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USS Cape Cod (AD-43)
USS Cape Cod (AD43) entering San Francisco.jpg
Career (United States)
Name: USS Cape Cod
Namesake: Cape Cod, Massachusetts
Ordered: 30 September 1977
Builder: National Steel and Shipbuilding Co., San Diego, California
Laid down: 27 January 1979
Launched: 2 August 1980
Acquired: 15 February 1982
Commissioned: 17 April 1982
Decommissioned: 29 September 1995
Struck: 7 April 1999
Honours and
Joint Meritorious Unit Award, Second Row, Navy Unit Commendation, Navy Battle "E" Ribbon (3), National Defense Service Medal, Armed Forces Expeditionary Medal (2-Persian Gulf), Southwest Asia Service Medal, Kuwait Liberation Medal
Fate: Final Disposition, fate unknown
Status: Laid up in the National Defense Reserve Fleet, James River, Fort Eustis, VA.
General characteristics
Class & type: Yellowstone-class destroyer tender
Displacement: Approx. 20,500 tons full load
Length: 643 feet (196 meters)
Beam: 85 feet (25.9 meters)
Draft: 27 feet (8.2 meters)
Propulsion: Two boilers, steam turbines, one shaft, 20,000 shaft horsepower
Speed: 20 knots
Complement: 1500
Armament: One single 5"/38 dual purpose gun mount
Armor: None
Aircraft carried: Helicopter platform

USS Cape Cod (AD-43) was the third Yellowstone-class destroyer tender in the United States Navy.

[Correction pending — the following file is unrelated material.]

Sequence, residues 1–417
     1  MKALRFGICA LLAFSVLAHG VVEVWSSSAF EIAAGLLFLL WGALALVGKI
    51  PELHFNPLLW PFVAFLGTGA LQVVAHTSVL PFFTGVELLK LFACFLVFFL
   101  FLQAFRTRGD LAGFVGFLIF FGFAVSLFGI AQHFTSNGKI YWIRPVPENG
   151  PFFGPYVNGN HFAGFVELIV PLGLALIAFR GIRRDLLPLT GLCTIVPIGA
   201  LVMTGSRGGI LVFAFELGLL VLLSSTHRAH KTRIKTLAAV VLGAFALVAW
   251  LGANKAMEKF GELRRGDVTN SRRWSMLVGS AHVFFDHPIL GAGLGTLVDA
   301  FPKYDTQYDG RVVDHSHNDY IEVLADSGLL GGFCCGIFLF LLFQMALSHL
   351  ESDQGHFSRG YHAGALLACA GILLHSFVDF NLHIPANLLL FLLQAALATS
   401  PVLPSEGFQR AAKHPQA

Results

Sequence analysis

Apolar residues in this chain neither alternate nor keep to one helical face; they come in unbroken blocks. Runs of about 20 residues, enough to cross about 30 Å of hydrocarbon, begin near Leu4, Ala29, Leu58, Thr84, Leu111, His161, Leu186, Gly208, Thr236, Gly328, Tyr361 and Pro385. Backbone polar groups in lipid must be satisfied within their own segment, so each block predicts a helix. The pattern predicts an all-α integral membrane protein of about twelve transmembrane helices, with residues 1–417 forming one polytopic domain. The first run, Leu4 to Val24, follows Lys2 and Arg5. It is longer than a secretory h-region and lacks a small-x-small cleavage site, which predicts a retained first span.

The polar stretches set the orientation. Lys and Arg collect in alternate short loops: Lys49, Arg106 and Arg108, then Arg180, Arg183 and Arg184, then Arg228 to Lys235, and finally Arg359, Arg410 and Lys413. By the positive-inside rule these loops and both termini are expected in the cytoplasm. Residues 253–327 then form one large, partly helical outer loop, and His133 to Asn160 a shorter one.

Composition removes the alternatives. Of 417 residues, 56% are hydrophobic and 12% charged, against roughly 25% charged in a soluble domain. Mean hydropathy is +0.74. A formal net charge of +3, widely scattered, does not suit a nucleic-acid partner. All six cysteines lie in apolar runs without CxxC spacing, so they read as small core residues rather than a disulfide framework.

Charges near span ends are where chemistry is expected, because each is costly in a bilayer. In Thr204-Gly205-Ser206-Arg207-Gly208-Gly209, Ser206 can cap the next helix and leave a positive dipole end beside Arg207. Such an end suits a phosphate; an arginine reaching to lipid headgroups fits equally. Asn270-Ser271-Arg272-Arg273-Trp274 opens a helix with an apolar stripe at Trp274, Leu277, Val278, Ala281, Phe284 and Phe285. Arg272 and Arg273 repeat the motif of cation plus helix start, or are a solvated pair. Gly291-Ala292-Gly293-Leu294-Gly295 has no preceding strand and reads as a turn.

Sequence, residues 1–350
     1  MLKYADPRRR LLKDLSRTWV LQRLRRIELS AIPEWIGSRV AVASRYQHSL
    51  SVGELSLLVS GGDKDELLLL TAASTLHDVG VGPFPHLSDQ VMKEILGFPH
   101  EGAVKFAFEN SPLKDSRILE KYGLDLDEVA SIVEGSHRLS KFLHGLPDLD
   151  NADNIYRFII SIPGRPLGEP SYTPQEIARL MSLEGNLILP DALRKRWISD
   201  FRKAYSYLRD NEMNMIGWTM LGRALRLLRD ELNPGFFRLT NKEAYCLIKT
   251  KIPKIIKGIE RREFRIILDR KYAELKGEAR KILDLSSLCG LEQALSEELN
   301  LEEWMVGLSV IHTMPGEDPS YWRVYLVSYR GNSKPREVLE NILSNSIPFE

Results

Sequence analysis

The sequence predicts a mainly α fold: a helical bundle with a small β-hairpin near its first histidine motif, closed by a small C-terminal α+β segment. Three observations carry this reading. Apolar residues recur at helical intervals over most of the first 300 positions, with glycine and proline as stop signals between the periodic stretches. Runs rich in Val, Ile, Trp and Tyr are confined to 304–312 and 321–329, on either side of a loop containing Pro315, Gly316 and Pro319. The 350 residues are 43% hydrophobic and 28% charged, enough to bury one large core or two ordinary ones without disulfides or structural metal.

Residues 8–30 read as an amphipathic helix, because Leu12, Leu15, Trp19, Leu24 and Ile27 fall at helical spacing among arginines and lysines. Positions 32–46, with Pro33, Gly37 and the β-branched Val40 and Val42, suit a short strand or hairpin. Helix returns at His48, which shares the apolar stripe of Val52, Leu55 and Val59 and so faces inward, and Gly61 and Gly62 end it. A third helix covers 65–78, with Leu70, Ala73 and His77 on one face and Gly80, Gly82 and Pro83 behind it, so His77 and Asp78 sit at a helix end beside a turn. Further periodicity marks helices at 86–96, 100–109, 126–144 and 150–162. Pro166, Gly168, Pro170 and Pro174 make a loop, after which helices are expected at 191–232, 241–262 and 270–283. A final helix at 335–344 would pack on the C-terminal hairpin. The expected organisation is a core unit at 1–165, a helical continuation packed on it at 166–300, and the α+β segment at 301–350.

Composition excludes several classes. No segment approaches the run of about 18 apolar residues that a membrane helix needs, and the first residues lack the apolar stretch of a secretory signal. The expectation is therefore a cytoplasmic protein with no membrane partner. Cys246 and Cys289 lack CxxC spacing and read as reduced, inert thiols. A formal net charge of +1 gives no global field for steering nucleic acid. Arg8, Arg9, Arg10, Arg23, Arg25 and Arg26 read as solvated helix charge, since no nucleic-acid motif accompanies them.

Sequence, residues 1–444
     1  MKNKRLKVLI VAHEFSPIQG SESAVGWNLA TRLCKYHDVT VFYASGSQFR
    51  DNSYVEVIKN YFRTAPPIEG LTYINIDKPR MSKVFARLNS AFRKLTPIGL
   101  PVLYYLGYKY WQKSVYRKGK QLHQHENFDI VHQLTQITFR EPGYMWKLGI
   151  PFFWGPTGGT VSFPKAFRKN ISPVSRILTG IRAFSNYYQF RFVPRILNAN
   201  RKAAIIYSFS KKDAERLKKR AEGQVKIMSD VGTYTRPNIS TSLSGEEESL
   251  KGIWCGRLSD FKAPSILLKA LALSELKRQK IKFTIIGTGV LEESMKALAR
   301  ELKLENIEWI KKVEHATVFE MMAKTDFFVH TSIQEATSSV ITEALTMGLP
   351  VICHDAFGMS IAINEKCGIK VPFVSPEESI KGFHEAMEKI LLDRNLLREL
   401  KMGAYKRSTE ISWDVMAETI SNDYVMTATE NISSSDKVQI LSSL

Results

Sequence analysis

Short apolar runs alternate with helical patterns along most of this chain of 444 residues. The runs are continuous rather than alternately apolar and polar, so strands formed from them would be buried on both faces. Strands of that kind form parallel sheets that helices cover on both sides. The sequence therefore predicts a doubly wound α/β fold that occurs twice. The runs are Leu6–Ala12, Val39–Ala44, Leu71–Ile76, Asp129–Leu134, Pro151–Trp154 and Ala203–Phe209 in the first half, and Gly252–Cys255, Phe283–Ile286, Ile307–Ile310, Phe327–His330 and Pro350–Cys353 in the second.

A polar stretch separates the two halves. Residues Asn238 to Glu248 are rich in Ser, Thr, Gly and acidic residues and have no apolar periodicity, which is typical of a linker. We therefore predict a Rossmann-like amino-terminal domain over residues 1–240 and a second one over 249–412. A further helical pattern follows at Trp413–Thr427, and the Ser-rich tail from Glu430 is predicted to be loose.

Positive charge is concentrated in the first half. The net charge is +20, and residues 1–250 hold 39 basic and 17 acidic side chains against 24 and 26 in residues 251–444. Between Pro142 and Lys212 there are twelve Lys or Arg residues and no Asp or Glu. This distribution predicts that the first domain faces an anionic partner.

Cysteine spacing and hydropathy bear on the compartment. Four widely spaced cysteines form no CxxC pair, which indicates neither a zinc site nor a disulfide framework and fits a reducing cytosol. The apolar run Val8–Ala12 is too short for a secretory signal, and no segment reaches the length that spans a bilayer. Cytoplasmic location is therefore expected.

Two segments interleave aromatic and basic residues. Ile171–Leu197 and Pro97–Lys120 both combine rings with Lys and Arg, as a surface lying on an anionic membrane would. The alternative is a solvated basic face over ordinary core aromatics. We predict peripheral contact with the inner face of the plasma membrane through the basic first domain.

History[edit | edit source]

Cape Cod was laid down on 27 January 1979 at San Diego, California, by the National Steel and Shipbuilding Company and launched on 2 August 1980. The destroyer tender worked for many years in active naval service. It assisted the Spruance-class destroyers, the Truxtun-class cruisers and Oliver Hazard Perry-class frigates.[1] She was commissioned on 17 April 1982 and served 13 years as a destroyer tender before being decommissioned on 29 September 1995, and stricken from the Navy list on 7 April 1999. She was berthed at the James River Reserve Fleet in Fort Eustis, VA, until she was sold for scrap in 2012.

See also[edit | edit source]

External links[edit | edit source]

References[edit | edit source]

  • This article includes information collected from the Naval Vessel Register, which, as a U.S. government publication, is in the public domain. The entry can be found here.

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